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Lowestoft boatbuilding college to highlight the ancient Broads at Chelsea Flower Show

PUBLISHED: 16:18 17 May 2017 | UPDATED: 16:31 17 May 2017

Gary Breeze'’s sketch of the Broadland Boatbuilder'’s Garden which will feature in the Artisan category at Chelsea.

Gary Breeze'’s sketch of the Broadland Boatbuilder'’s Garden which will feature in the Artisan category at Chelsea.

Archant

The beauty of the Broads in all its glory is to be showcased at the prestigious RHS Chelsea Flower Show this weekend.

The team from the International Boatbuilding Training College in Lowestoft, with their garden at the Chelsea Flower Show. Picture: Lyn Tupper. The team from the International Boatbuilding Training College in Lowestoft, with their garden at the Chelsea Flower Show. Picture: Lyn Tupper.

The International Boatbuilding Training College (IBTC) in Lowestoft has been inspired by the traditional skills it teaches and the ancient landscape of the Broads to sponsor an artisanal garden.

It features their three quarter size replica of a 1,000 year-old oak boat discovered beside the River Chet in 2013, and the garden reflects how a boat-builder of the time would have lived and worked.

Lyn Tupper, owner of the IBTC said: “Nobody knows much about the boat other than it was found in good condition, buried in the mud.

“The actual boat is being preserved up in York and next year we’ll be able to get our hands on it and build as accurate a replica as we can.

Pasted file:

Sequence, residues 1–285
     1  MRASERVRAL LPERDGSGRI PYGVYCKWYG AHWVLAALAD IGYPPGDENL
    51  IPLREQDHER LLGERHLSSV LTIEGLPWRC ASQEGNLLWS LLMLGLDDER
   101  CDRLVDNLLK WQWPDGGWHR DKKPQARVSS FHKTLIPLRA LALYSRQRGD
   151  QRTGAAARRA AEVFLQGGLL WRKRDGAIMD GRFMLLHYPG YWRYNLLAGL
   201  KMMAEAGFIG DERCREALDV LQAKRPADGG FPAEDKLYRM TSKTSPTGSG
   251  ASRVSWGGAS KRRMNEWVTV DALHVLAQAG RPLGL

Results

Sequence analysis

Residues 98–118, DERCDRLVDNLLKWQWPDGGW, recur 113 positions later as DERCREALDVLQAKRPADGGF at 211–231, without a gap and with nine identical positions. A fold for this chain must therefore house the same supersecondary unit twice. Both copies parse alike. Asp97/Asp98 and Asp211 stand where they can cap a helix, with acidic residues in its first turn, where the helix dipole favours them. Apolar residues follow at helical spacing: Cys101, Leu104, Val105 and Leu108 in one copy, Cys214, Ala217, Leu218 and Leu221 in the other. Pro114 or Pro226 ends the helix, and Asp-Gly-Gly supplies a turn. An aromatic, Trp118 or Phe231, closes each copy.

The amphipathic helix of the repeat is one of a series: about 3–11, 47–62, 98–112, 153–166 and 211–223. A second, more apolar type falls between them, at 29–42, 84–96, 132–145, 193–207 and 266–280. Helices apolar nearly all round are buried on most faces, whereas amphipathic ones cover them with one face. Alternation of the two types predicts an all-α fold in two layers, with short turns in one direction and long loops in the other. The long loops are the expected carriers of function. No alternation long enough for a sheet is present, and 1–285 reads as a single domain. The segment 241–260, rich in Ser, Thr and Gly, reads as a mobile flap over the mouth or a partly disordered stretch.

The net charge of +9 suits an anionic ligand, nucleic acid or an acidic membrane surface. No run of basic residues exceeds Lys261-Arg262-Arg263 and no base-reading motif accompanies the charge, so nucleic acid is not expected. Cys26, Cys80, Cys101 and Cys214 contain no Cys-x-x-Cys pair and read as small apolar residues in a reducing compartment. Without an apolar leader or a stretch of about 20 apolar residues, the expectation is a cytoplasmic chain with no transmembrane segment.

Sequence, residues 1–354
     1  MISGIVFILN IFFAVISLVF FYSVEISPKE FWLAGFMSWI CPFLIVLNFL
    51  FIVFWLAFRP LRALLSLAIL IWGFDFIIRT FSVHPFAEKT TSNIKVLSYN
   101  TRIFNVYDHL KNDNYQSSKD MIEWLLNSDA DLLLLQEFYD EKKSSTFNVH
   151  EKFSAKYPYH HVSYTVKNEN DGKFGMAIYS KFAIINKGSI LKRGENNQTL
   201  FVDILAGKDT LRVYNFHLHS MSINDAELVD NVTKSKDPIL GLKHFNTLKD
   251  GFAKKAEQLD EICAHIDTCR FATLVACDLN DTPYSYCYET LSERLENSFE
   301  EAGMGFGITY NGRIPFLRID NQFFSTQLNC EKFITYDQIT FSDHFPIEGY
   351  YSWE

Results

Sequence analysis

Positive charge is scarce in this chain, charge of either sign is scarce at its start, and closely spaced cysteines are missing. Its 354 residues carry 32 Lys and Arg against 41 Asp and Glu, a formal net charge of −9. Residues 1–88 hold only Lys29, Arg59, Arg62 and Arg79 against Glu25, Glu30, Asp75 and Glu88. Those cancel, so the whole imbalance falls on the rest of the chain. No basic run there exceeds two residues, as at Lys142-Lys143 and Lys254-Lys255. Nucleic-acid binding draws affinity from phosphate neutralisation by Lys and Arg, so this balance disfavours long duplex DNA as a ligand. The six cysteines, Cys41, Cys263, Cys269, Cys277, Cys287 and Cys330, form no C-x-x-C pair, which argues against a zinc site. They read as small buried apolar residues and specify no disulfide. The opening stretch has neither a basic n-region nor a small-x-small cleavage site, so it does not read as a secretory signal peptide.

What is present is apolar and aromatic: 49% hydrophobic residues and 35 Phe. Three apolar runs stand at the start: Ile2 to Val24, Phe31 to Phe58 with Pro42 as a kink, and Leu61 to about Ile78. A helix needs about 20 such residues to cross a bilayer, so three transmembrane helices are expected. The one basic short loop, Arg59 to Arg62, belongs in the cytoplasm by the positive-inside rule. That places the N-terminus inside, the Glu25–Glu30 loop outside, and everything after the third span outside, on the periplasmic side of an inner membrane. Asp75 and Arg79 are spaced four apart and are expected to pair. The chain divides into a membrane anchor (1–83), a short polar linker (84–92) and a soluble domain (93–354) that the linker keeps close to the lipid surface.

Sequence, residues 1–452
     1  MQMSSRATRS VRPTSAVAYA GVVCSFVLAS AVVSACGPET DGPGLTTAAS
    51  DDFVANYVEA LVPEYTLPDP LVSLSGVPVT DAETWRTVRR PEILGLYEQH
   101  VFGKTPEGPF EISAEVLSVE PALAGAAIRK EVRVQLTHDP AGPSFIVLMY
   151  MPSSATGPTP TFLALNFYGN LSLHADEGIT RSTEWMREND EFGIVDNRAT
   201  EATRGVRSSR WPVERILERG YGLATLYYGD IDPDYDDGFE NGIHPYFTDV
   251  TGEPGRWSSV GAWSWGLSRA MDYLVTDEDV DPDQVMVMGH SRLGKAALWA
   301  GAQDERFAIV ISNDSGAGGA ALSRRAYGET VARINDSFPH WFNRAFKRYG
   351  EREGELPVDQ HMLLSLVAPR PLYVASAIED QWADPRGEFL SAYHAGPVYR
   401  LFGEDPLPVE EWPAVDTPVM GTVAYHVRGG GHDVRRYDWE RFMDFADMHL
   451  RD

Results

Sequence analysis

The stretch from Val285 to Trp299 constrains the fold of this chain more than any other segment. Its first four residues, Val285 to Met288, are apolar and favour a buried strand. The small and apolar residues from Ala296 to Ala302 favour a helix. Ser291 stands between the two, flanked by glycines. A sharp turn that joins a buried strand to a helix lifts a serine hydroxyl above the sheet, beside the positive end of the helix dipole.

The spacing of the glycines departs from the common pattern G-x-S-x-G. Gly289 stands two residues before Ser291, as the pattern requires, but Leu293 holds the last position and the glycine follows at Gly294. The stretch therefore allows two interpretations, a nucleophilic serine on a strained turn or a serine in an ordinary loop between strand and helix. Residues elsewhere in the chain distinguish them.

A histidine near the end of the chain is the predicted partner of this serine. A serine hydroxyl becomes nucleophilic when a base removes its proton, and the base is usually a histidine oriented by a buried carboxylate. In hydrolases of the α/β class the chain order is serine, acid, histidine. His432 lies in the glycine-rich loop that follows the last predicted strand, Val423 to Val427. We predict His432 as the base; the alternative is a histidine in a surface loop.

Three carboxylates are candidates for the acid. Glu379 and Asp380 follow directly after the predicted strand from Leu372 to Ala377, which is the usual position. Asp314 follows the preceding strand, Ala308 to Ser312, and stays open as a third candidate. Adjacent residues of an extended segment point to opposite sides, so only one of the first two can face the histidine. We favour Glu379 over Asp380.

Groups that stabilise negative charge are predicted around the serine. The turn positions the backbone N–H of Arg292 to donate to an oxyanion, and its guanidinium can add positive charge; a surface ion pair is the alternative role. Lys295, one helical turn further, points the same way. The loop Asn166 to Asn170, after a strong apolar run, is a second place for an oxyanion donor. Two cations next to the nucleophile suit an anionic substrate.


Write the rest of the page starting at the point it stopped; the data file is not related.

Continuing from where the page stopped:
“We’re doing the garden this year to promote the college and the skills we teach.”

A team of about 20 college students are working hard at the show helping put the finishing touches to the garden, ready for it to be judged this weekend.

It was designed by Gary Breeze, a former student and member of staff at IBTC.

He entered the RHS Chelsea Flower Show last year, taking home a gold medal, winning Best Fresh Garden. And he hopes he can replicate that success this year.

“We’ve created a boatyard as it would have been,” he said. “I’ve only done this twice and both times it seems to be coming together as planned, but there are lots of surprises as well. Plants related to one another in their own way. It’s quite exciting.”

The garden will contain plants native to the Broad’s dykes, such as Meadowsweet and Purple and Yellow Loosestrife. An area of shorter fenland vegetation contains Southern and Early Marsh Orchid, as well as flowering herbs and vegetables.

Chelsea Flower Show is open to the public from Tuesday, May 23 to Saturday, May 27 at the Royal Hospital gardens in Chelsea.

•Are you working on a special project? Email the details to lowestoft.journal@archant.co.uk or call 01502 525835.

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